SPP Expert Sheds Light on Taxonomy’s Extensions

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    Stockholm (NordSIP) – This summer, while many Nordic investors were taking a well-deserved break and enjoying their holidays, the EU sustainable finance regulators kept others busy. Among a multitude of initiatives, the EU Green Taxonomy gained a couple of brand new proposed extensions in mid-July, those covering ‘Significantly Harmful’ and ‘No Significant Impact’ activities. Johanna Lundgren Gestlöf (pictured), Head of Sustainability at Swedish pension provider SPP, for one, has, apparently, found the time to pore over the impressive body of new regulatory documents and reflect upon their meaning and implications.

    NordSIP catches up with Lundgren Gestlöf just moments after a webinar on the proposed taxonomy extensions organised by the EU Platform on Sustainable Finance, where she, alongside the Platform Rapporteur, Nancy Saich, and Nadine Viel-Lamare from the Swedish Environmental Protection Agency, sheds some welcome light on the proposal.

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    Lundgren Gestlöf starts by urging us to step back and reflect upon the purpose of the taxonomy. “The framework was created in order to increase the transparency of companies’ activities which affect sustainability so that financial market actors can make better-informed decisions, avoid greenwashing and move capital in a sustainable direction,” she reminds us. “Its purpose was never to tell investors what they are allowed to do or not. The taxonomy is not a list of companies that you can or cannot invest in. It is not a 100% holistic view of sustainability. It does not substitute the need of having ESG analysts – but we need data to do good analysis, and there it provides a solid foundation.”

    “I have two very strong opinions about the taxonomy in general,” continues Lundgren Gestlöf. “The problem is, they contradict each other. I think that the taxonomy is both very important and actually not that important at all.” This statement requires some explanation. She means that although the elaborate new classification system is crucial for creating a common science-based language, it is also relatively marginal as a stand-alone initiative. The taxonomy is a valuable tool for catalysing green investments, yet just one among many others in the toolbox.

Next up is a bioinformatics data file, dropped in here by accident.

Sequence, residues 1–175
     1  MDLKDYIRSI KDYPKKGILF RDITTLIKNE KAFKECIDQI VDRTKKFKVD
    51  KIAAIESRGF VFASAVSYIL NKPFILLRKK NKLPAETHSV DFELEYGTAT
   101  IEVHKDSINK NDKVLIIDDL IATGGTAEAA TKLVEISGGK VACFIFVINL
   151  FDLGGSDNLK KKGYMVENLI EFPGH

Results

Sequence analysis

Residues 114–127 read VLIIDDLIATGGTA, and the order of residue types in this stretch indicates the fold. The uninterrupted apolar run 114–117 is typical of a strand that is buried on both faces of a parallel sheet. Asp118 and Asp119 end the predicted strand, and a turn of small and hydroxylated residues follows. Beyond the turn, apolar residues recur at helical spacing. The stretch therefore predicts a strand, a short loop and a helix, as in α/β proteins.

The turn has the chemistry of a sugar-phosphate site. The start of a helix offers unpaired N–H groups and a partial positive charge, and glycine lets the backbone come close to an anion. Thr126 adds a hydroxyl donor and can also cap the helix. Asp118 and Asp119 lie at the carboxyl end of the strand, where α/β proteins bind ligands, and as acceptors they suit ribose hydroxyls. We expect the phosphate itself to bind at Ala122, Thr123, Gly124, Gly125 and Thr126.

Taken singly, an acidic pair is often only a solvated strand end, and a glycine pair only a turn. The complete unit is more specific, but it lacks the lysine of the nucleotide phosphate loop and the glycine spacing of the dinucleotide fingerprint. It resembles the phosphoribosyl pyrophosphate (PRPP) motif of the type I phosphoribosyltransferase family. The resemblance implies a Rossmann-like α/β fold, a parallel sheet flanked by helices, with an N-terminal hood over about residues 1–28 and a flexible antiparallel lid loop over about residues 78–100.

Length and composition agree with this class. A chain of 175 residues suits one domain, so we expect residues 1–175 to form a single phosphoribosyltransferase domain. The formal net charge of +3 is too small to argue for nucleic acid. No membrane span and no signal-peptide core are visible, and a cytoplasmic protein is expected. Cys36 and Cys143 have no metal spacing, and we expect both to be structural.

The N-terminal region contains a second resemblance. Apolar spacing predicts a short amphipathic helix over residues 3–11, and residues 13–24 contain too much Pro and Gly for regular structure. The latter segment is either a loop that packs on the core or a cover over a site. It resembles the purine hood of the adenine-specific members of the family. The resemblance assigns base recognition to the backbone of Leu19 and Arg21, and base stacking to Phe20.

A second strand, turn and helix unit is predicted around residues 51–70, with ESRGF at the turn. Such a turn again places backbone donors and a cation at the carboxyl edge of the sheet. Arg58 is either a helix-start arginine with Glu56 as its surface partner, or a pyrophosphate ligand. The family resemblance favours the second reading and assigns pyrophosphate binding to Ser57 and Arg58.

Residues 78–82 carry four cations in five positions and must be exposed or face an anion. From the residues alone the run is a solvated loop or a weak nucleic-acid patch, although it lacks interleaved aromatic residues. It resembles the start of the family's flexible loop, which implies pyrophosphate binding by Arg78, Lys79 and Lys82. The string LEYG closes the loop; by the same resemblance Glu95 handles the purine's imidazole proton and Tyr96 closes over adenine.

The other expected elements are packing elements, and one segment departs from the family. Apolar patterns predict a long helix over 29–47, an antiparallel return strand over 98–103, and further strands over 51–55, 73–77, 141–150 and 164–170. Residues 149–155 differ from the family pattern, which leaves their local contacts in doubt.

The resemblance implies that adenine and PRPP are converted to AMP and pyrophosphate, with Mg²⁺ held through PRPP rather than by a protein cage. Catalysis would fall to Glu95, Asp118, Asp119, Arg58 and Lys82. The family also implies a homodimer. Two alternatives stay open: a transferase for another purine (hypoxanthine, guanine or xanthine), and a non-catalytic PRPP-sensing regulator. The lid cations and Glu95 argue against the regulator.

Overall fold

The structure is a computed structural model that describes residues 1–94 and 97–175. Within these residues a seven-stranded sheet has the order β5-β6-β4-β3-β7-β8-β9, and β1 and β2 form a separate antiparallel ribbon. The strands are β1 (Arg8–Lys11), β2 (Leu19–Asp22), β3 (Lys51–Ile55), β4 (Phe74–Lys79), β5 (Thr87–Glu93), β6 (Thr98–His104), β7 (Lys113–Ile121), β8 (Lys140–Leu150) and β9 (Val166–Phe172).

Lundgren Gestlöf observes that the original taxonomy has stirred much worry among companies, at least here in the Nordics. They fear it will be difficult to attract capital if they cannot prove to be green enough. “I believe the new extensions will help address some of these concerns as they create clarity about the fact that the taxonomy is not black and white (or green and white)”, she says. As such, the extended taxonomy better reflects the complex economic reality, according to her. “A tax advisor will probably not have a significant effect on CO2 emission reductions no matter what, and a high-emitting energy producer will do harm no matter what,” she explains.

    “In the report, there is a sentence about a fear of moving away from the ‘positive spirit’ of the green taxonomy,” says Lundgren Gestlöf. “Given the carbon budget we have left, though, I think we need to know about the harmful, no matter how pessimistic it might sound. I believe it is as important to know what is causing significant harm as what has a significant positive impact.”

    Another reason the sustainability expert is excited about the new taxonomy extensions is the extra attention to the intermediate transition. “Looking at this from an investor’s point of view, what is important is that we finance the transition towards what is greener, and this new taxonomy opens up for more potential here,” she adds.

    Naturally, she has some concerns, too. “There is a risk of making a too complex framework that is hard to understand and get an overview of, and investors and customers might misuse that. Especially when we also include the updates in the MiFID and IDD regulations about customers’ sustainability preferences,” explains Lundgren Gestlöf. “A product with 10% taxonomy alignment – is that good or bad at fulfilling customer preferences? Well, it probably depends on the other 90%,” she adds. She concludes that the taxonomy might not be so user-friendly for the end customers after all. However, she is convinced that it is helpful for financial and ESG analysts and companies within an in-scope industry looking for precise directions.

    “I hope investors do not take the easy way out and opt for using the taxonomy data’ off-the-shelf’, simply trying to maximise the numbers,” says Lundgren Gestlöf. She also stresses the importance of putting resources into analysing ESG, as taxonomy data, however helpful as a basis, is of no use without proper analysis. “A single company can do both green activities and close to harmful activities at the same time, for instance. How do we value such an investment vs one that only makes no significant impact,” she adds, posing a rhetorical question.

    “We should take our responsibility to use this framework the way it is intended. We should talk to our customers and investee companies about what it means and how we try to create change in the real economy,” concludes Lundgren Gestlöf.

    Image courtesy of SPP


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